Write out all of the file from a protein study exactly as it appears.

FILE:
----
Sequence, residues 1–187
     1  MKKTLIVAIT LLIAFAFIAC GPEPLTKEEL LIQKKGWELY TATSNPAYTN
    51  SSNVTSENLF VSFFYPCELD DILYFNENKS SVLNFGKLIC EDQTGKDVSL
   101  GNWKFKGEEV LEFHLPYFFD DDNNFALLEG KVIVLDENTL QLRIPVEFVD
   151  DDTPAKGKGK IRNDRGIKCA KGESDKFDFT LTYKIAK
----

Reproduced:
Sequence, residues 1–187
     1  MKKTLIVAIT LLIAFAFIAC GPEPLTKEEL LIQKKGWELY TATSNPAYTN
    51  SSNVTSENLF VSFFYPCELD DILYFNENKS SVLNFGKLIC EDQTGKDVSL
   101  GNWKFKGEEV LEFHLPYFFD DDNNFALLEG KVIVLDENTL QLRIPVEFVD
   151  DDTPAKGKGK IRNDRGIKCA KGESDKFDFT LTYKIAK